United States District Court, E.D. Virginia, Richmond Division
ROBERT E. PAYNE, Senior District Judge.
The matter is before the Court on the "MOTION FOR NEW TRIAL or, in the alternative, MOTION FOR SETTING ASIDE THE FINDING OF THE JURY" (ECF No. 407), "MOTION FOR DEFAULT JUDGMENT AGAINST THE RESPONDENT/GOVERNMENT, " (ECF No. 462), and "REQUEST FOR SUMMARY JUDGMENT" on pending motions (ECF NO. 464) filed by Edward High Okun. The Government has responded. These matters are ripe for disposition.
I. PROCEDURAL HISTORY
On March 17, 2008, a grand jury returned a three-count indictment charging Okun with mail fraud, bulk cash smuggling, and one count of making a false declaration. (ECF No. 1.) On July 10, 2008, a grand jury returned a twenty-seven count Superseding Indictment charging Okun with conspiracy to commit wire fraud and mail fraud, conspiracy to commit money laundering, thirteen counts of wire fraud, and multiple other counts of mail fraud, money laundering, bulk cash smuggling, and making a false declaration. (ECF No. 42.) On February 27, 2009, the Court granted the Government's motion to dismiss one wire fraud count and one mail fraud count (Counts 9 and 18). (ECF No. 207.)
On March 3, 2009, the jury trial commenced. After the Government rested its case, Okun moved for a judgment of acquittal on all counts pursuant to Federal Rule of Criminal Procedure 29. (ECF No. 232.) The Court granted the motion with respect to the two remaining mail fraud charges (Counts 16 and 17), but denied the motion on the remaining counts. (Id.) Okun put forth no evidence in his defense. After two-days of deliberations, the jury returned its verdict, finding Okun guilty of the remaining twenty-three counts. (ECF No. 243.)
On August 4, 2009, the Court sentenced Okun to 1200 months of imprisonment, a downward variance from the guidelines range of 4800 months of imprisonment. (J. 3, ECF No. 328.) Okun appealed, and on November 17, 2011, the United States Court of Appeals for the Fourth Circuit affirmed Okun's conviction and sentence. United States v. Okun, 453 F.App'x 364, 374 (4th Cir. 2011). On April 16, 2012, the United States Supreme Court denied a petition for certiorari. Okun v. United States, 132 S.Ct. 1953, 1953 (2012). On March 12, 2012, Okun filed his "MOTION FOR NEW TRIAL or, in the alternative, MOTION FOR SETTING ASIDE THE FINDING OF THE JURY." Since that time, Okun has inundated the Court with frivolous filings. As explained below, both Okun's "MOTION FOR SETTING ASIDE THE FINDING OF THE JURY" ("Rule 29 Motion") and his "MOTION FOR NEW TRIAL" ("Rule 33 Motion") will be denied.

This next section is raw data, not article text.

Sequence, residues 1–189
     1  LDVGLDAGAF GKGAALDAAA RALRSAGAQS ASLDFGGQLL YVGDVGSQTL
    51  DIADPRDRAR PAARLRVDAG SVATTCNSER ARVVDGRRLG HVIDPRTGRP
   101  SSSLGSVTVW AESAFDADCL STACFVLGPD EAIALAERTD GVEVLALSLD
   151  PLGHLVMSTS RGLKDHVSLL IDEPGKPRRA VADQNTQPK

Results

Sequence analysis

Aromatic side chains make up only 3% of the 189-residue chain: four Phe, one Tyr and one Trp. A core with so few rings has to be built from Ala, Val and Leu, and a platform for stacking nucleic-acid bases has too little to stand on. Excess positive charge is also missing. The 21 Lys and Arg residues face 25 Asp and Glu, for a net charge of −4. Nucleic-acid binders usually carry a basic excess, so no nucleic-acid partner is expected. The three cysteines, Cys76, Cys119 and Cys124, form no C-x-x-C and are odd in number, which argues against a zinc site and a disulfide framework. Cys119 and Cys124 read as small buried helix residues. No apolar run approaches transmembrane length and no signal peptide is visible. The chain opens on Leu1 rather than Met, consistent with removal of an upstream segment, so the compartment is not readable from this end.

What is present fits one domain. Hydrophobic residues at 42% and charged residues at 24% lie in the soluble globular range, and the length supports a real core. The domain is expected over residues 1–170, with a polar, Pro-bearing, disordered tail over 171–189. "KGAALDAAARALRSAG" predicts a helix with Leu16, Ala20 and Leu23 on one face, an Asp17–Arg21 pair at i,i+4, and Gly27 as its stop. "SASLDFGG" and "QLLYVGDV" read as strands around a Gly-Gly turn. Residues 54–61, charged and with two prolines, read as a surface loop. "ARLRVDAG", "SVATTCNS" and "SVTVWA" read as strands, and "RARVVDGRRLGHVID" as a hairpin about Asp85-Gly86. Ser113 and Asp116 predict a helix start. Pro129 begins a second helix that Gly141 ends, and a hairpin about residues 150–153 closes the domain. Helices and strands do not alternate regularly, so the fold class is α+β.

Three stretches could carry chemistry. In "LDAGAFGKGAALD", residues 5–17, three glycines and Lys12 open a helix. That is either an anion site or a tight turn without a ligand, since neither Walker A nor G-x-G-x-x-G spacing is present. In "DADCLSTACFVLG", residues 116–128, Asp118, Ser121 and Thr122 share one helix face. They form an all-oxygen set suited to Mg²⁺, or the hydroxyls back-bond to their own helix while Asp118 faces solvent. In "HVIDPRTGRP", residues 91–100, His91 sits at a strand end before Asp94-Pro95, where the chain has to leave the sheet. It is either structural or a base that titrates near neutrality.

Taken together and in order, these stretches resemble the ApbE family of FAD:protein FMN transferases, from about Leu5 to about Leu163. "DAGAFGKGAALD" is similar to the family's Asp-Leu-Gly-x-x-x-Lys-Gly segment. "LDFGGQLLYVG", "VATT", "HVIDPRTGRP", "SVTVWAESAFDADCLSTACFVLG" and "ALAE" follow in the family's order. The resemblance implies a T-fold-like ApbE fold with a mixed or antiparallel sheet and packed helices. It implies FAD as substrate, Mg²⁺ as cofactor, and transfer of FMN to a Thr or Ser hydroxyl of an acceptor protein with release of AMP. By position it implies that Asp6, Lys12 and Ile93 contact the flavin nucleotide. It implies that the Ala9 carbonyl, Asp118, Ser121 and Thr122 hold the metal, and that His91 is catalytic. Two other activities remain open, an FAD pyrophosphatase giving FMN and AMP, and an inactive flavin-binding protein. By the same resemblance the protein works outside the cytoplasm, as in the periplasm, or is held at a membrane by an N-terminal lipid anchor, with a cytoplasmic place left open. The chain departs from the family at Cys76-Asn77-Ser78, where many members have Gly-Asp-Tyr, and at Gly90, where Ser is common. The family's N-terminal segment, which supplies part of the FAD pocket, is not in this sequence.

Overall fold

II. RULE 29 MOTION
Under Federal Rule of Criminal Procedure Rule 29(c)(1), a "[a] defendant may move for a judgment of acquittal, or renew such a motion, within 14 days after a guilty verdict or after the court discharges the jury, whichever is later." Fed. R. Crim. P. 29(c) (1). The jury returned its guilty verdict on March 19, 2009. Okun filed the current Rule 29 Motion nearly three years later on March 12, 2012. Accordingly, Okun's Rule 29 Motion is untimely filed and will be denied.
III. RULE 33 MOTION
A. Summary of Evidence
The Fourth Circuit aptly summarized the evidence of Okun's guilt as follows:
In 2005, Okun was the sole owner of Investment Properties of America (IPofA), a Virginia limited liability company, with its principal place of business in Richmond, Virginia. IPofA was involved in the business of commercial real estate investment and management. In 2005, Okun formed 1031 Tax Group, a Delaware limited liability company with its principal place of business in Richmond.
In connection with 1031 Tax Group, Okun became involved in the business of operating qualified intermediary (QI) companies. Between August 2005 and December 2006, Okun acquired six different QI companies, which in turn became subsidiaries of 1031 Tax Group.
After acquiring his first QI company, Atlantic Exchange Company (AEC), Okun began to wire AEC client funds to his personal bank account and IPofA's bank account, with the assistance of Lara Coleman, IPofA's Chief Operating Officer. During the conspiracy, Coleman continued to assist Okun in the fraudulent scheme, which enabled Okun to use money held by the QI companies on behalf of the exchangers for personal use and for purposes related to IPofA's business. The uses of the funds held by the QI companies were not disclosed to the exchangers and were in violation of the agreements between the exchangers and the QI companies.
In 2007, Janet Dashiell, who had managed one of the QI companies acquired by Okun, began to work for 1031 Tax Group. Dashiell alerted the government to the manner in which the QI funds were being used by Okun and 1031 Tax Group.
In May 2007, 1031 Tax Group filed for bankruptcy. The collapse of 1031 Tax Group ultimately resulted in a loss in excess of $125 million dollars to exchangers who had deposited funds with ...